ELLEN FANNING: I wonder how we ended up here, though. I mean, more Americans would die from criminal acts in America than from terrorists, not to underplay the terrorist threats, but that’s the reality.

BOB CARR: No, but the answer to that objection is simple.


BOB CARR: The reason for the height of detention to security post September 11 is that some time in the future the attack could be a really substantial one, not just turning planes into bombs at ‑ with the destruction of those thousands of lives, but detonating a nuclear weapon in the heart of a popular city. That’s what this is all about after September 11.

ELLEN FANNING: And that’s why the Americans do things like this if in fact they do.

BOB CARR: Well, the challenge is nuclear terrorism.

ELLEN FANNING: And is that‑‑‑‑‑

BOB CARR: And the essence of September 11 is that it’s a harbinger of serious sustained attempts by terrorists to produce mass atrocity crimes. Mass atrocity crimes. The ultimate would be detonating a nuclear weapon in Time Square.

ELLEN FANNING: You say Time Square. What about Martin Place, what about Federation Square?

BOB CARR: We’re all very conscious of this in Australia. In Europe, the focus would be on terrorists with the capacity not just to detonate a bomb in a subway system, Madrid, London. Not just to attempt what we know terrorists have attempted in Australia is they’ve put the ingredients for a bomb together, but attempting to get fissile material in the form of a backpack or a suitcase nuclear weapon.

ELLEN FANNING: Has that ever happened? Has anyone ever tried to do that in Australia as far as you know.


ELLEN FANNING: Let’s stick with security matters. Green Senator Scott Ludlam asked you some difficult questions about WikiLeaks founder Julian Assange. One was whether Assange is entitled to protections under the First Amendment of the US Constitution. Now, that’s the part of the Bill of Rights that protect freedom of speech and freedom of the press. In other words, should you, Senator Carr impress on the Americans that Assange is really a journalist, a legitimate publisher and, therefore, should not be prosecuted.

BOB CARR: Not to my knowledge, no, wouldn’t be a matter of concern to Australia to make a case for him, no.


BOB CARR: Why would we do that? There’s nothing more to say about it, and we’re not going to over-service these consular cases.

REPORTER: Is that grand jury investigation still on‑going or has‑‑‑‑‑

BOB CARR: I don’t know.

REPORTER: You don’t know.

BOB CARR: I can’t tell you. You need to address that to the American government.

REPORTER: We’re not interested to know whether it’s still on‑going?


REPORTER: Why is that.

BOB CARR: Well, it doesn’t affect Australian interests.

ELLEN FANNING: Since when was it not in Australia’s national interests to represent a citizen in strife aboard?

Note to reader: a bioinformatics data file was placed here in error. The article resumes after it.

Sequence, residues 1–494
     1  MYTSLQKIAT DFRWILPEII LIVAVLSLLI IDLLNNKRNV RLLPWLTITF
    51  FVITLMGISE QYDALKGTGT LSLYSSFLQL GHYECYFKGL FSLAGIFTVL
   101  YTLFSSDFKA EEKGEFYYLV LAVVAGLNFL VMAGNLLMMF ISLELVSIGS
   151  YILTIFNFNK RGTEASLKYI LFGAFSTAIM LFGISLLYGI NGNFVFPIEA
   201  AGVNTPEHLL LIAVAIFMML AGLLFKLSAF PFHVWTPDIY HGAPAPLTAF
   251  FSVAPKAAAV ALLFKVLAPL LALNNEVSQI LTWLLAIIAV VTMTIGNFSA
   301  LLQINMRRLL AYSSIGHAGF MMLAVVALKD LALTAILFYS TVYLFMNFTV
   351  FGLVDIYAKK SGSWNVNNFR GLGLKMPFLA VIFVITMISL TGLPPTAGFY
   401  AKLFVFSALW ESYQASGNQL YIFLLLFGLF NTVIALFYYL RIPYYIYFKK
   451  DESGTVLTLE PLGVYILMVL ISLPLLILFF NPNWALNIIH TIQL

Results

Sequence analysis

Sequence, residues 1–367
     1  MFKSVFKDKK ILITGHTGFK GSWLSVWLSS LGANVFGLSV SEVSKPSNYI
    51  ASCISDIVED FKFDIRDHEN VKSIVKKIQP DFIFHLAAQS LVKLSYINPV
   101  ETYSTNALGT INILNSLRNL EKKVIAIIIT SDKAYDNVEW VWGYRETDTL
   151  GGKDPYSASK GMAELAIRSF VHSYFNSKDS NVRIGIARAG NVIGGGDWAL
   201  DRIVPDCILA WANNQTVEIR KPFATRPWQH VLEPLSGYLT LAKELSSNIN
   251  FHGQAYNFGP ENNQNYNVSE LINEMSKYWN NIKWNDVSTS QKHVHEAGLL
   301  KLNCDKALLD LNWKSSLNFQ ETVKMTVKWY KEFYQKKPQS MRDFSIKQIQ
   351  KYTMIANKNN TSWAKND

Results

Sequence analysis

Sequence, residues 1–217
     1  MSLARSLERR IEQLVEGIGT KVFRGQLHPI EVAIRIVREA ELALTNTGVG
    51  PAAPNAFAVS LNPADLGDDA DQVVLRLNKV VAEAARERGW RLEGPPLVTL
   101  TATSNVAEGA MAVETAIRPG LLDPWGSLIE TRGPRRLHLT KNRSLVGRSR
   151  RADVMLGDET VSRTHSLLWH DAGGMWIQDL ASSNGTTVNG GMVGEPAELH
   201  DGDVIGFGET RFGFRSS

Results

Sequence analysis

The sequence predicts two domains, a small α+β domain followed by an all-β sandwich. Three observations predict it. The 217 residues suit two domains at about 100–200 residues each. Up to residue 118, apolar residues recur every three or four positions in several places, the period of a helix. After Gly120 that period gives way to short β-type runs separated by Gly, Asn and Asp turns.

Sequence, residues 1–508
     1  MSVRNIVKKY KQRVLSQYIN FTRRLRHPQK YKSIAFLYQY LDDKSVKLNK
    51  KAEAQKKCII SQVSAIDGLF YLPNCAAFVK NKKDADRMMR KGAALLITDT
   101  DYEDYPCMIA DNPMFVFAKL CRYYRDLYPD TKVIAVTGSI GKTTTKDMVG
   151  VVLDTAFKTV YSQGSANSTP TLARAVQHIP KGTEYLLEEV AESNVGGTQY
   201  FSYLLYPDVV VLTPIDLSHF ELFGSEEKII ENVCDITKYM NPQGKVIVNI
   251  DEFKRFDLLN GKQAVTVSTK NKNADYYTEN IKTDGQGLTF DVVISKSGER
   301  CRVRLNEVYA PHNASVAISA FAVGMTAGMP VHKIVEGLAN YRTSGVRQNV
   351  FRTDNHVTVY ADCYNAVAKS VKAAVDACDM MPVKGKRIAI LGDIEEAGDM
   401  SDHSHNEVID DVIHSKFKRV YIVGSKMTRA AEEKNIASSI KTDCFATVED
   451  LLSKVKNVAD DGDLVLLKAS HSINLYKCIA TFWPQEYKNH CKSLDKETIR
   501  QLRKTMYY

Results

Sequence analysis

BOB CARR: Well, the assumption of the question is wrong, and that is we know there is a grand jury taking place in America. We don’t know that.

ELLEN FANNING: And a grand jury for clarity is a group of people who come together to decide whether criminal charges should be laid against someone.

BOB CARR: Yes. And this story has been going on for two years now. Wouldn’t the Americans have announced something if there were. They don’t tell ‑ if there’s a process going on in the US justice department, it’s not vouchsafed to their own government let alone to a foreign government. That’s the first thing to say. The second thing to say is that no Australian in trouble had received more consular support than Julian Assange. I don’t think it’s appropriate that we go on providing that in London. His difficulties in London have got nothing to do with the US government. Nothing. If America were seeking to extradite him, we would have heard about it in the last two years in which he’s been resident of the UK because the UK has got an extradition treaty with the US. It’s all about the Swedes seeking him on a criminal matter and winning in the British Courts. Therefore, it’s not a matter for Australia except into its consular aspects. Is he receiving due process? And will he receive due process in Sweden? And we’ve satisfied ourselves on both counts.

ELLEN FANNING: At the same time, we saw this week the trial of Bradley Manning. Now he’s the young American who leaked all these documents to WikiLeaks and the prosecutors in his trial have said really clearly, look, Julian Assange aided and encouraged Bradley Manning to do this. Julian Assange conspired with him. I mean, it seems there’s every indication from what they’re saying they’ve got their sights on Julian Assange. They’re saying he aided, abetted and helped him. They want him.

BOB CARR: That’s a big leap of logic. The Americans are trying to establish that there’s something maligned and not innocent in what Bradley Manning did. I can’t comment on that. That’s not a matter of Australian interest. It’s between America and Bradley Manning.

ELLEN FANNING: And Julian Assange is a very divisive figure, he’s running for political office come September. Does he annoy you? He’s called you all sorts of things ‑ arrogant and ignorant ‑ and says you’ve been briefing the Americans; does he irritate you?